A recent blog post from Howard Berger suggests that because of that lack of moves by Brian Burke at the trade deadline we should take it is as an indication that Brian Burke is in no rush to make over the Toronto lineup, despite what everyone thought when Burke took over the team just over 3 months ago now. Well, everyone except me. Back when Burke was hired I wrote the following:
Other than Antropov, I really don’t think anyone is a sure bet to be traded. I don’t think Burke will come in and say ‘I have to trade players X, Y and Z for whatever draft picks I can get for them’ as many believe he should.
Except for Dominic Moore being traded, I was right. But enough about that, where does Howard see this team going heading into next season:
That’s because the Leafs are contractually bound to 16 players from the current team – or 69.6% of the 23-man roster. These players include forwards Jason Blake, Niklas Hagman, Alexei Ponikarovsky, Lee Stempniak, Matt Stajan, Nikolai Kulemin, Jamal Mayers and John Mitchell; defensemen Pavel Kubina, Tomas Kaberle, Jeff Finger, Mike Van Ryn, Luke Schenn, Jonas Frogren and Ian White; and goalie Vesa Toskala. Does that club look familiar?
Not all of the aforementioned are in the upper echelon in salary, so Burke will have a sizeable amount of cap room to work with. But, teams can still only dress 20 players each night. As such, Burke has a key philosophical decision to make: Does he want the Leafs to stay the same, or to tail off for at least a year? Right now, there is no answer to the question. And it’s the most common thread among several-hundred e-mail submissions I received over the weekend for a Q & A blog I’ll get to in a couple of days… almost all of you wondering – as do I – what course Burke will follow in the off-season, and how that course will impact 2009-10.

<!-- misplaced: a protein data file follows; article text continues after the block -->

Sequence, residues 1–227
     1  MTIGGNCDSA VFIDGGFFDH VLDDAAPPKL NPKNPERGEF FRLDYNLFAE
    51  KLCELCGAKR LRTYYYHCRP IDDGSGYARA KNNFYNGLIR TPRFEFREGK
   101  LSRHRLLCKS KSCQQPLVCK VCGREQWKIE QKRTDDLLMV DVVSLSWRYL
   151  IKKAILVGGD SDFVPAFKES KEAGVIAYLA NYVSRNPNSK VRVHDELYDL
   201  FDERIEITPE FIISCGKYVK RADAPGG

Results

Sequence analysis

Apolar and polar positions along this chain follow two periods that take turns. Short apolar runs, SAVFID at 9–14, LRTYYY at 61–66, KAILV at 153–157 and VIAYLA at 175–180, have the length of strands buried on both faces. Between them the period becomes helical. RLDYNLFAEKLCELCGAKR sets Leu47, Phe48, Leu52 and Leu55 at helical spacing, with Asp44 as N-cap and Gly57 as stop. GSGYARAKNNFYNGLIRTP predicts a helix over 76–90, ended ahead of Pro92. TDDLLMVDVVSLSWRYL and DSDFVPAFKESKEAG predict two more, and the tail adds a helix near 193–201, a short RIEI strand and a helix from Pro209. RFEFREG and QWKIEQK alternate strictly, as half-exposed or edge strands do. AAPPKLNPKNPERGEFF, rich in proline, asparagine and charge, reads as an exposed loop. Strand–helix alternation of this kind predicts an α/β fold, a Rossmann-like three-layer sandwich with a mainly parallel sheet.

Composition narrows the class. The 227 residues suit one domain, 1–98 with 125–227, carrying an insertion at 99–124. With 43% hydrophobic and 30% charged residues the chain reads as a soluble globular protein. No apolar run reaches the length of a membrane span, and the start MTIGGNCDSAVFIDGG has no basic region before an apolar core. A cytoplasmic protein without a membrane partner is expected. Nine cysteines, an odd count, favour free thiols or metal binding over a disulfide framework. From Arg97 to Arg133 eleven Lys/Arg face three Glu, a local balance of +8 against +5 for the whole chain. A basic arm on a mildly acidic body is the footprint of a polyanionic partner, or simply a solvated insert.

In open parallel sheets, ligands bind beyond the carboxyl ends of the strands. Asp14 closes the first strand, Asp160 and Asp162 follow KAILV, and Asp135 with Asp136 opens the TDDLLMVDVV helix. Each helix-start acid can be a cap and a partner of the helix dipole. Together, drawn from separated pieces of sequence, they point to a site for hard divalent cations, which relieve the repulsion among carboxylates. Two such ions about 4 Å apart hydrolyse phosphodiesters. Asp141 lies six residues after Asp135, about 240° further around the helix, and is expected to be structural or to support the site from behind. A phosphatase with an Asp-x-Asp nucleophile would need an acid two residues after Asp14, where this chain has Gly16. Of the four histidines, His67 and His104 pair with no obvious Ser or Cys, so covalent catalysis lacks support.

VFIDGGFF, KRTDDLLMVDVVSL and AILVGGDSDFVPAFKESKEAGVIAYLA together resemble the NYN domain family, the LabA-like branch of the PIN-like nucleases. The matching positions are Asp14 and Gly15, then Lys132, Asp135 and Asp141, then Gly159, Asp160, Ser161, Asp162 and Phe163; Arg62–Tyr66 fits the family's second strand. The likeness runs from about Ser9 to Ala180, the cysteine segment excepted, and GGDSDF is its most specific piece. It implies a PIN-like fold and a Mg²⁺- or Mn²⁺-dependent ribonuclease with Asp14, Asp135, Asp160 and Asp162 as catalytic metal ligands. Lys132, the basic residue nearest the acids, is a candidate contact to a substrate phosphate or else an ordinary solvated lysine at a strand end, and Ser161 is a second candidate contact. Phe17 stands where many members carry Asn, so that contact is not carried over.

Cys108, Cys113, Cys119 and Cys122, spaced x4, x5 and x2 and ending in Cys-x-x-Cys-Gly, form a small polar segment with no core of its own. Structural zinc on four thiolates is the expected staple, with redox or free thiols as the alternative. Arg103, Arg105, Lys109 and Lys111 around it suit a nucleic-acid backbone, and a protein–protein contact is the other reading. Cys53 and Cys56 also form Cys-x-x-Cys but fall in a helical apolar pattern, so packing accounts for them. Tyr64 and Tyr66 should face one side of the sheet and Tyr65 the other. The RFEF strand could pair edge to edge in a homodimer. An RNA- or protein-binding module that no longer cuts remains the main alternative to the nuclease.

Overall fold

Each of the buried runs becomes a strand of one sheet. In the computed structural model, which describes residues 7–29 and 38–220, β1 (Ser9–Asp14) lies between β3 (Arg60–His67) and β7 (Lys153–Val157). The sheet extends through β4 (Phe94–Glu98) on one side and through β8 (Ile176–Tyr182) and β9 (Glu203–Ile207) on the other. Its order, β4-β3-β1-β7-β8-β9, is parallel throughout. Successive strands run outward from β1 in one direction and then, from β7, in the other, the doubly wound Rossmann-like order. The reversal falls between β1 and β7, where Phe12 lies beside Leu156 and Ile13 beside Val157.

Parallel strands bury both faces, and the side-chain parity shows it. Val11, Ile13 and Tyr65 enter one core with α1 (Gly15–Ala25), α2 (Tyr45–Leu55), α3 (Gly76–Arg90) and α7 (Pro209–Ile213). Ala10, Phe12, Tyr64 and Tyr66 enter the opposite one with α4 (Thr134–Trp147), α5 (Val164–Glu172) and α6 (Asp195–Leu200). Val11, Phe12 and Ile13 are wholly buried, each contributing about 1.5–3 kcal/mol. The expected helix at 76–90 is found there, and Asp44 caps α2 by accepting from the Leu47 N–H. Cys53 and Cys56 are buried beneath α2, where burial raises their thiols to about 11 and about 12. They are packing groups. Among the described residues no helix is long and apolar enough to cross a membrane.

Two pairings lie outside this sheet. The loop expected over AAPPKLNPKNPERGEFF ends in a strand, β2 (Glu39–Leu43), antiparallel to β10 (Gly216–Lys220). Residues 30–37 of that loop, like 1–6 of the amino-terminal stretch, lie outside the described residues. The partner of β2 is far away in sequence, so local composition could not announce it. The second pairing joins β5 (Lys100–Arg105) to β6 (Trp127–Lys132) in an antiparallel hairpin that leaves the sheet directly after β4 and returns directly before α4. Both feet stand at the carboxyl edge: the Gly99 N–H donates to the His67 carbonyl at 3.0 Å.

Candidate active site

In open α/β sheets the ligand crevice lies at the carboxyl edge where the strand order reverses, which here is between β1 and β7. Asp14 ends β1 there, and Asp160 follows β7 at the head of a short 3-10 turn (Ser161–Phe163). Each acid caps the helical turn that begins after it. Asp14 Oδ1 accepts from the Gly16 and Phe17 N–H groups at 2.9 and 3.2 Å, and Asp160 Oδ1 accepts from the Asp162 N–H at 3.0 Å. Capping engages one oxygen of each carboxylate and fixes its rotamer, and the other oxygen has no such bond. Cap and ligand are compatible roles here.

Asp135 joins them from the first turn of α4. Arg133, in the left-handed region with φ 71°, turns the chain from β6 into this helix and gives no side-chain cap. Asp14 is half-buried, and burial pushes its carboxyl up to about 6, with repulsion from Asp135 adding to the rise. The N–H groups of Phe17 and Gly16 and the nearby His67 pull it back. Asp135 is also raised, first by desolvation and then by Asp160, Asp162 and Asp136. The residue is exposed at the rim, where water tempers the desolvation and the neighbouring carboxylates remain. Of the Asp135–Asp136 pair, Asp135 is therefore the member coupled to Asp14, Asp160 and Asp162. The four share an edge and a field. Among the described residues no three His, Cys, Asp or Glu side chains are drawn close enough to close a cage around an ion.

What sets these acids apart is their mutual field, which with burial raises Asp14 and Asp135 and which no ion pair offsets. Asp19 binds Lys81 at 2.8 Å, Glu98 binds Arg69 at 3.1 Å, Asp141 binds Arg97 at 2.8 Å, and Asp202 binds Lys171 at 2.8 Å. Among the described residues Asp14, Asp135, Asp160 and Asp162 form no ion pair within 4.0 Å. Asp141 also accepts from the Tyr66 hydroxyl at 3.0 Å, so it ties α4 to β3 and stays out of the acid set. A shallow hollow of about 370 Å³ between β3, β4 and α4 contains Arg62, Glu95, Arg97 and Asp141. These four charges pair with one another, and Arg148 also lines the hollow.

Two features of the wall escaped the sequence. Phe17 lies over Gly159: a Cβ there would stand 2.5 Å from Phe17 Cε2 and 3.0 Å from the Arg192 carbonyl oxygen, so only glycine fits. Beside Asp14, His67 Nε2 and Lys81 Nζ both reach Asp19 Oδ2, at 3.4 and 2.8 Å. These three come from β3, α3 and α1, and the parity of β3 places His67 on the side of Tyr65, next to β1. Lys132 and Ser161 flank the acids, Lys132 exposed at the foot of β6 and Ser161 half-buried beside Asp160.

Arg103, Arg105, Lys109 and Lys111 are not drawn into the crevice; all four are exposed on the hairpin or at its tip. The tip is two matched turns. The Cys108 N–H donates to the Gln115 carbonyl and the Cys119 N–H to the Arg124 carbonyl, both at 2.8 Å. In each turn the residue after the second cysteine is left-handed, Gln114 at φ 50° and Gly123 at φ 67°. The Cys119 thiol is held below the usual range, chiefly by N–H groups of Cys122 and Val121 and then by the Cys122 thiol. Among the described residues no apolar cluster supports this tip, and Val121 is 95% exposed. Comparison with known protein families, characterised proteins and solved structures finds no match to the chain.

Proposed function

The early evidence suggests that Burke isn’t overly anxious to detonate the roster. This is partly because of the monumental effort required to do so [look, again, at the above list of signed players], but it also involves the intrinsic quality of a GM that has worked his way into one of the NHL’s hottest markets. Burke simply doesn’t like to lose hockey games. Missing the playoffs this season will be a radical departure for the GM that raised the Stanley Cup only two short years ago. Though he must understand the Leafs will endure more pain before they harvest any meaningful gain, such actions are easier spoken of than followed.
There are couple of interesting things Howard wrote in the above portion of his blog post. The first is, why does Burke only have the options “to stay the same” or “to tail off for at least a year?” Why isn’t there a third option of, “improve the club for 2009-10?” The second interesting point Howard made was “The early evidence suggests that Burke isn’t overly anxious to detonate the roster.” My response to that is, why must Burke detonate the roster?
I think I know why Howard wrote these two things. I think he wrote them because he, like so many of his fellow Toronto sports media friends, believe the only way to improve a team is to tear it down to next to nothing, be really bad for several seasons to get high draft picks, and then rebuild again. But why must this be the case? Is this how Boston turned their team around? Is this how Philadelphia turned their team around? Is this how Burke’s Anaheim Ducks were built? The answer to all three questions are No. Philadelphia and Boston were 13th and 15th in the eastern conference just two seasons ago. The only teams that do a complete tear down and rebuild are the small market franchises that partly do it to save money like the Penguins of the past and in recent years the Coyotes, Blues, Islanders and Kings. When was the last time San Jose, Detroit, Boston, Philadelphia, New Jersey, Vancouver or Montreal did something like this?